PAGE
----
Lihue is generally the first port of call in Kaua'i, whether you arrive by air or sea. Once a plantation town revolving around sugar, it has grown since the closure of the mill to become a hub for traffic into and off of the island—though despite modern conveniences there is no forgetting that this island is a dramatic place of beauty and enchantment. Lihue is still small and quaint enough to preserve this impression.
Check out the Kaua'i Museum for an overview of the island's history, from textiles to photographs and artifacts recovered from archaeological excavations on Kaua'i. When you know the difference between the Alii and the menehune say 'aloha' and emerge into sunshine. For more history, visit the Kilohana Plantation or one of Lihue's old churches.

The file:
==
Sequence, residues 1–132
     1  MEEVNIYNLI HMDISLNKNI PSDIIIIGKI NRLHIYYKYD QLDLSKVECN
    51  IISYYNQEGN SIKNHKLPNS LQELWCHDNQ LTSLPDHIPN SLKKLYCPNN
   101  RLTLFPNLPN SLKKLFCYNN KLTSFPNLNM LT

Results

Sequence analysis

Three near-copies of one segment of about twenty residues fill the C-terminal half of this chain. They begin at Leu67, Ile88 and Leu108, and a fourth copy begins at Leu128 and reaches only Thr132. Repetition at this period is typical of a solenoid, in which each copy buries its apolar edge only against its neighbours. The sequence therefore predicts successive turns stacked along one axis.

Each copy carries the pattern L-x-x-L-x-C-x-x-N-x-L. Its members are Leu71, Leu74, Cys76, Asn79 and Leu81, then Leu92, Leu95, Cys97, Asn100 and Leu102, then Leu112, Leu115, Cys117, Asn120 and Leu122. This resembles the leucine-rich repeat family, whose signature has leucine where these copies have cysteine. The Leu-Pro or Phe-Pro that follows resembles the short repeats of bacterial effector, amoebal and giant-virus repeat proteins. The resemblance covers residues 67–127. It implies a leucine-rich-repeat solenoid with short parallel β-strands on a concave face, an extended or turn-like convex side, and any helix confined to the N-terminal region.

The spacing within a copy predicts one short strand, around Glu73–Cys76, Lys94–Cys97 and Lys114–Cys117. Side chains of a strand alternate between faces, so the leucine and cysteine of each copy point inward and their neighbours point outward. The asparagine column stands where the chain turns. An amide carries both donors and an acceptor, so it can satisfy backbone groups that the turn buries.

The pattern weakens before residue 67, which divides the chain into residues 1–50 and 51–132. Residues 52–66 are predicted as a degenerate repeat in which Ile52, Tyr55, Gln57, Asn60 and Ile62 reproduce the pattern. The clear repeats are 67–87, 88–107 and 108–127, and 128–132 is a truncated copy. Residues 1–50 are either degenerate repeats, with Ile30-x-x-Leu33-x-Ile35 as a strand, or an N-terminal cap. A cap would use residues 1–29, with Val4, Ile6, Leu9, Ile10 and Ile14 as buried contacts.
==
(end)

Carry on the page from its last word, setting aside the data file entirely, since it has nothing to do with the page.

After this brush with antiquity, head for the age-old allures of nature and an afternoon nap on one of the easily accessible beaches. Kalapaki Beach has gentle seas for a swim or a little body-boarding, or wander out past Ninini Beach for a look at the Ninini Lighthouse.
Stop for a glimpse of Wailua Falls north of Lihue, but for some tropical time without the crowds book a guided kayak tour around Kipu Falls or take a hike/swim/kayak trip up the Huleia River.
Kaua'i is at the north end of the Hawaiian island chain just above Oahu and 100 miles from Honolulu as the jet flies.